Justice for Sekinat, Tina, Uwa is hope for the girl-child

By Sherifat Lawal

Three girls, Sekinat Agbelade aged 15; Tina Ezekwe, 16, and Vera Uwaila, 22, must be sharing a thing in common — pity for the Nigerian girl-child. If her father is not exorcising his demons by toying with her sexual organs, a man is taking advantage of her outside. And then the system fails her, as it did Sekinat, Tina and Vera.

On March 20, men of the Nigerian Customs Service, NCS, ended Sekinat’s life in Ogun State. On May 26, policemen re-enacted the same abilities in Lagos. This time it was Tina. Both girls were preparing for the final exams as secondary school students. Then some “killer-Customs officers and policemen in training” raped and then bashed in Vera’s face in Benin, Edo State, on May 27.

And then, up North in Zamfara State, 11 men found sexual release in a 12-year-old girl. Whether to wonder how full-grown adults find the space to bury their phalluses or what exactly happens in their brains when the rape victims cry “NO” is a dilemma for all the Sekinas, Tinas and Uwas will never resolve. They no longer bother. They rest.

READ ALSO: Shattered dreams of young female Nigerians: Gang-raped, murdered

Nay, they can’t be resting. They worry about the fate of Nigeria’s girl-child. She is not safe anywhere; whether in the arms of her father, neighbour, family friend, or teacher.

The social media is awash with campaigns for justice: #JusticeforTina, #JusticeforUwa, among others. But how do you get justice for dreams cut short by careless bullets and wandering phalluses? The dead won’t get any relief. It is the living that needs justice, read “protection”.

There are laws, regulations, and policies that seek to protect the girl-child. But leadership is not about spouting demagogue. So the system has failed her. And true love is when another person’s happiness is vital to one’s own. So at any point, she says “NO,” it must be assumed she means it.

Now, Sekinat, Tina, Uwa and the many dead we never know about would want the girl-child and the 10,000 women being raped in Nigeria daily (according to Women At Risk Foundation, WARIF 2018), to have two things — self-defense skills and a generation of men that respect women. They would beg families to teach men to care for her and not concentrate on telling her to “seat properly!”

We have been made to believe men are hunters. Okay, the girl would love to be hunted. But not with bullets and engorged phalluses propelling rudderless brains to halt dreams. Certainly not with fire extinguishers that put out lives.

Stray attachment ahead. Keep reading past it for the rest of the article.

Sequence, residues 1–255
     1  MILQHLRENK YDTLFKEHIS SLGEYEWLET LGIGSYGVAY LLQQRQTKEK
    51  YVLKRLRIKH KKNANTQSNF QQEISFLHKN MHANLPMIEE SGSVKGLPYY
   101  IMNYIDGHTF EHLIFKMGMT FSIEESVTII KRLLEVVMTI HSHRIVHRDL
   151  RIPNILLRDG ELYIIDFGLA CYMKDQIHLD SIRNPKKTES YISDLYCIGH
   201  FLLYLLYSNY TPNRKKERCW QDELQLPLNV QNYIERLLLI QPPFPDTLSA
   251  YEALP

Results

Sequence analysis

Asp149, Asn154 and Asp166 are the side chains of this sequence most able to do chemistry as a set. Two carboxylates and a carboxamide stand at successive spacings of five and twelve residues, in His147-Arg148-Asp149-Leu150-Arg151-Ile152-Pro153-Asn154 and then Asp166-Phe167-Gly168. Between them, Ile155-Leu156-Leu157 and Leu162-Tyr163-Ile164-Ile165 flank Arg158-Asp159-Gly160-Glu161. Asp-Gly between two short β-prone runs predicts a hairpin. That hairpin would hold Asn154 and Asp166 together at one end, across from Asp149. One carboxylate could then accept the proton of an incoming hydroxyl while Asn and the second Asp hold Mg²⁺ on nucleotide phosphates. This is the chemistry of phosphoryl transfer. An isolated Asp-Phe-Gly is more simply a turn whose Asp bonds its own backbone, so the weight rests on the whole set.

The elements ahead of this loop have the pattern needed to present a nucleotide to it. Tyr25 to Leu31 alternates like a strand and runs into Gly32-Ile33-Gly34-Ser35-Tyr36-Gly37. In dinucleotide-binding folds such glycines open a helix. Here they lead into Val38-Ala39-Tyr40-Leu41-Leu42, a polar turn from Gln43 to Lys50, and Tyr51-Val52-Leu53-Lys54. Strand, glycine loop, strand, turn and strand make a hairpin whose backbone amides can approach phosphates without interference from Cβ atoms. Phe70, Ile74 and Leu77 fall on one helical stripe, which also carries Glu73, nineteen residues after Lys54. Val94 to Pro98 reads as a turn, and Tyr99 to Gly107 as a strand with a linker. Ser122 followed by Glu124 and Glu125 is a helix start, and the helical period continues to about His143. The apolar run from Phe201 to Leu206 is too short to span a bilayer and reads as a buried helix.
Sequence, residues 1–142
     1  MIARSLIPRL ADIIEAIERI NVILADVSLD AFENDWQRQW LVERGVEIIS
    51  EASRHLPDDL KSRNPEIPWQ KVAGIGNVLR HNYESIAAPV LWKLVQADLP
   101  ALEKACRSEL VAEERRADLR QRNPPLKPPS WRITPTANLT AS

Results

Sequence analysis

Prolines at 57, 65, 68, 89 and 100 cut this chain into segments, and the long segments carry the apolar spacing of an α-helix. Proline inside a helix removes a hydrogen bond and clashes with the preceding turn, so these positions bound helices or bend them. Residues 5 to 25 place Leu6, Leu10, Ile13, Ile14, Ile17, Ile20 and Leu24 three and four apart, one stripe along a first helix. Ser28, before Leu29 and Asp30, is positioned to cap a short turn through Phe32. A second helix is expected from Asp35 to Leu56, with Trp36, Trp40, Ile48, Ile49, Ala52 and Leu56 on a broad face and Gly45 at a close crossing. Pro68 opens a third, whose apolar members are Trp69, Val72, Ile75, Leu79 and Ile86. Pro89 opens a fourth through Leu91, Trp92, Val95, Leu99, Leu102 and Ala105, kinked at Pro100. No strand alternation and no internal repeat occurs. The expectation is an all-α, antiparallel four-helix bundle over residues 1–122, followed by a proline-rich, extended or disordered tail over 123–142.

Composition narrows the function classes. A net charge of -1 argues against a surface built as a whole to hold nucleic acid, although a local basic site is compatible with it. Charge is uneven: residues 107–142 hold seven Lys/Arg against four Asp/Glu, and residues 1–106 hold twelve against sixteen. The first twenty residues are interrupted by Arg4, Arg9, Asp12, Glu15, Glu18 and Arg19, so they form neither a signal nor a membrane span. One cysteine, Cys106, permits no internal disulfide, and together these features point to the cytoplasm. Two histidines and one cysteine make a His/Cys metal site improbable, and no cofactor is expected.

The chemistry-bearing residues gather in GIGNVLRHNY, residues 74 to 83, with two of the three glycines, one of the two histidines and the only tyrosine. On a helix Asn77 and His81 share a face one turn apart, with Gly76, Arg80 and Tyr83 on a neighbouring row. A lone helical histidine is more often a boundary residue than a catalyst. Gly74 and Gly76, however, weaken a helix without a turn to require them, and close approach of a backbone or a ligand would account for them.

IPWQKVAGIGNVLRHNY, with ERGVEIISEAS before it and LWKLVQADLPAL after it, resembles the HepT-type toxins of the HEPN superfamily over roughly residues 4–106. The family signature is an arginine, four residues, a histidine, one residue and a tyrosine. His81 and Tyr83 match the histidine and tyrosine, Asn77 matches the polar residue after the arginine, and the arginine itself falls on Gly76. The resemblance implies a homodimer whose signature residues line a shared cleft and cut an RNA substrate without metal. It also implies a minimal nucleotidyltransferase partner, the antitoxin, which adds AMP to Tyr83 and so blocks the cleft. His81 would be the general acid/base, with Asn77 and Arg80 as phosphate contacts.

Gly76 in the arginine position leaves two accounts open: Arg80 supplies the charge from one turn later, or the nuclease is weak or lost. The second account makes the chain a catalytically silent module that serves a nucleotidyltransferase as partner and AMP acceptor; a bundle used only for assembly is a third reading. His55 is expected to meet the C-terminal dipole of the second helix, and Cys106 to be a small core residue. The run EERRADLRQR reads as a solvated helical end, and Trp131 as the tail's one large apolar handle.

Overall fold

Real men are hunters. Not the type that kills game for fun or set bushes on fire, then lies in wait and bless frightened fleeing lives with death-bearing pellets.

Real men hunting is telling her how much she is worth, and earning it; assuring her of protection and proving it; understanding her needs and fears then showing it. This how the real man makes the mature flower open of its own accord to kiss the sun. Whether as a father or guardian, neighbour or favour donor, boyfriend or husband, lecturer or tutor, boss or colleague, that girl-child, teenage girl, female student, or colleague is not a sheep to the slaughter.

Those beautiful things that excite you about them is a measure of how much time God spent in moulding potentials into her every being. Stop raping God’s purpose.

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At the end of the day, the solution is with family; to raise up a girl that is consciously aware of possible personal security. The family should also raise boys that are real hunters and not animals in uniform or youths led by brains warped by third legs. There’s nothing more cowardly than a man that cannot control himself in the presence of a vulnerable girl.

Do we have the laws, regulations, policies, and Police, and even NGOs? Yes. A huge shout out to the Mirable Centre and others doing the same work. But the foundation is destroyed, so what can the righteous do? Go back to where it all began— family.

And if you are a real man, thank you. Call your female friends, sisters, cousins, mothers, sisters-in-law, and tell them it’s okay to be a girl-child.



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